When you make mistakes, which we all do as we’re all human, you’ve got to be willing to put your hand up to it. You’ve to act as both an example and a mentor; when there’s pressure and times are tough, you’ve got to be at your calmest because everyone else will panic.

You’ve also got to work longer, take less and your team has to know that whatever they’re doing, you’re doing more. You shouldn’t ask your team to do what you’re not doing – and beyond.

What has been your biggest challenge in your current position?
The biggest challenge for me was probably learning how to manage diverse personalities. At Hello Soda we’ve got a mix of people from developers and data scientists to commercial and sales. I had to understand what motivates each one as they’re distinctly different. A developer for instance isn’t motivated by money, they thrive from feeling empowered and owning a decision.

It’s a very fast-paced, dynamic and intense business but some things do take time which can be frustrating but it’s been important to be patient and get the very best results.

How do you alleviate the stress that comes with your job?
I run, I play with my children and I’m a massive football fan. On Saturday afternoons I watch Everton play and let everything out.

However, I don’t think running your own business is as stressful as people make out. You have control and the ability to make things happen which I find far less frustrating than in the corporate world working for someone else.

When you were little, what did you want to be when you grew up?
A footballer – and I still do, I just haven’t been discovered yet. Hopefully one day I will, even though I’m 39 now.

Any pet hates in the workplace? What do you do about them?
My biggest pet hate is the curse of the email - people sending email for email’s sake. I don’t like seeing emails that go round and round talking about what needs to be done but leaving it open so nobody takes responsibility.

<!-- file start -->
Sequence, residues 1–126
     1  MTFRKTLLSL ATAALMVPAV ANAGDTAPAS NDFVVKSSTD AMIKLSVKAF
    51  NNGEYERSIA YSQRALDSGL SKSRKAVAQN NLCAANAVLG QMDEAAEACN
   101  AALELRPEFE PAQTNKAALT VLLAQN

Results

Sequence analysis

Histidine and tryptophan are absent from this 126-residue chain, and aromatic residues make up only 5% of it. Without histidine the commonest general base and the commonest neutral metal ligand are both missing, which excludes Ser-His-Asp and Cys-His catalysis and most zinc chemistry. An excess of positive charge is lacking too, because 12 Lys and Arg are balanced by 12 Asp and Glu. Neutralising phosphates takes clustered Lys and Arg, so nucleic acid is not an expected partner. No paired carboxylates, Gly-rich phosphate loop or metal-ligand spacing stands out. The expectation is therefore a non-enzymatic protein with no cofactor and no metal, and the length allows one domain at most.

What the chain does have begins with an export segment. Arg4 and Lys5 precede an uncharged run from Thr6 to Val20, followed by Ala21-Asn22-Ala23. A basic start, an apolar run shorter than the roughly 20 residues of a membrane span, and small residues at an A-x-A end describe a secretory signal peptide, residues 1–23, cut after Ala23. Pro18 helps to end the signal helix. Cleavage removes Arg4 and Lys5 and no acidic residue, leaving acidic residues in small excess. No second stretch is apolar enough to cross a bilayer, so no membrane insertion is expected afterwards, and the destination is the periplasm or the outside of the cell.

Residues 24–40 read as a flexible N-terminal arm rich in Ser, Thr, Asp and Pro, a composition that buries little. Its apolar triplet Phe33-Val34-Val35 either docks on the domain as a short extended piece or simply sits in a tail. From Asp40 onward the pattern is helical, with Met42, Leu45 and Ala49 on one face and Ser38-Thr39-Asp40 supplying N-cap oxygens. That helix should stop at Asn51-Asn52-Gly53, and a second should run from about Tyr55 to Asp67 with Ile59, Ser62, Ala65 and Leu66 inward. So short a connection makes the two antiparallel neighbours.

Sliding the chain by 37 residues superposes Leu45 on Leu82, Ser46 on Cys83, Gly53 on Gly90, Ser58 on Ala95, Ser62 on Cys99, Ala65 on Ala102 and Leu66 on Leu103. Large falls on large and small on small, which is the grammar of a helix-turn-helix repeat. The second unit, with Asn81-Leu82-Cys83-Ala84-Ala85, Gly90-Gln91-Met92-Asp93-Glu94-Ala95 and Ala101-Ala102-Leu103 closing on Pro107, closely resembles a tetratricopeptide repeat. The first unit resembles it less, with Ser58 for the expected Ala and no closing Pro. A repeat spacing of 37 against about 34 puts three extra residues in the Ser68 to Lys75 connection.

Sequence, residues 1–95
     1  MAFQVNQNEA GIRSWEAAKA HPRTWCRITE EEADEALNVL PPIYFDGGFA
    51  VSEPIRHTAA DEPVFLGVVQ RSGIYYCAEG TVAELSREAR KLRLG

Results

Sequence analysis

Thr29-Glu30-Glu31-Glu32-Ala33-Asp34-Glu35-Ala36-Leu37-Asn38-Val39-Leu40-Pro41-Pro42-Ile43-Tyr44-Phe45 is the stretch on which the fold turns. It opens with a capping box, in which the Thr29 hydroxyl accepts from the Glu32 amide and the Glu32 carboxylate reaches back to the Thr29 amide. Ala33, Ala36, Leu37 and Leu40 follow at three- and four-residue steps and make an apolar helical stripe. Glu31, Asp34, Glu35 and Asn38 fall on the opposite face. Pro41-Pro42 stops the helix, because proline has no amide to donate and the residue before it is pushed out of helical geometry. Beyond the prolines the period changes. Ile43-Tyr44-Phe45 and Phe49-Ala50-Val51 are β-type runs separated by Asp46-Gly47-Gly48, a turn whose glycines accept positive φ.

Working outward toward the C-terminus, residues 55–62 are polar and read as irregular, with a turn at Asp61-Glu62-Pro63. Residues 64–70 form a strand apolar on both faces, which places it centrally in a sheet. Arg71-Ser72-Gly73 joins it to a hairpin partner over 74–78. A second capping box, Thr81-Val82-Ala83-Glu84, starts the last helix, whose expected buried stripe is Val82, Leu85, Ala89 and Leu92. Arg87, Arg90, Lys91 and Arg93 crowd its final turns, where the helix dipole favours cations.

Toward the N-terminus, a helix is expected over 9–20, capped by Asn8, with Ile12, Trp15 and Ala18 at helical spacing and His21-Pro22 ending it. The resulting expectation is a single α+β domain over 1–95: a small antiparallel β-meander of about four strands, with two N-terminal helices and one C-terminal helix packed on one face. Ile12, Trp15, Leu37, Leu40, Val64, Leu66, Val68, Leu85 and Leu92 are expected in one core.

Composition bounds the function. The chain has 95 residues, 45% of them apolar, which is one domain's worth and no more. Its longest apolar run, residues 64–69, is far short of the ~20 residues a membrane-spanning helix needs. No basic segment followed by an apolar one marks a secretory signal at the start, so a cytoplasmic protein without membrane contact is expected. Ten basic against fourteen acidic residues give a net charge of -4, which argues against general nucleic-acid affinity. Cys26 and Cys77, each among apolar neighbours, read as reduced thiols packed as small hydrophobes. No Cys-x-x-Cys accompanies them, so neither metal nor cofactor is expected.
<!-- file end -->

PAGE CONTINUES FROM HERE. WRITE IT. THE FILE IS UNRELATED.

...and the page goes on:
I do talk about this a lot in the office and challenge people. You can’t be afraid of challenging people as it’s part and parcel of being in a small business. You’ve all got to have the same drive to work hard, grow and be successful to get the best results individually and for the wider business.

Where do you see the company in five years’ time?
I’d like Hello Soda to be a £500m organisation on multiple continents. We’ve already got customers around the world and an office in Asia but we will expand our presence to other continents.

We’re treading on ground which has never been walked on before and pioneering new ways of working for organisations across a range of sectors. It’s exciting to be on this voyage of discovery and constantly to be achieving new things.

What advice would you give to an aspiring business leader?
My biggest piece of advice would be not to do anything that you don’t love.

Starting your own business is hard, all consuming but also the most fun you can possibly have. At the start, you wake up thinking everything will go in a straight line but it doesn’t. You can’t do it because you want the freedom or the money – you’ve got to love it as it’s your passion that will sell it and make your business a success.

If you’re thinking of starting out for yourself, the best thing you can do is to build it and sell it – don’t just put it on a PowerPoint. Too many people are ‘want-repreneurs’ not entrepreneurs. You can’t just have an idea; you’ve got to put it into practical use. If you can’t get it to a customer, you need to go and work for someone else.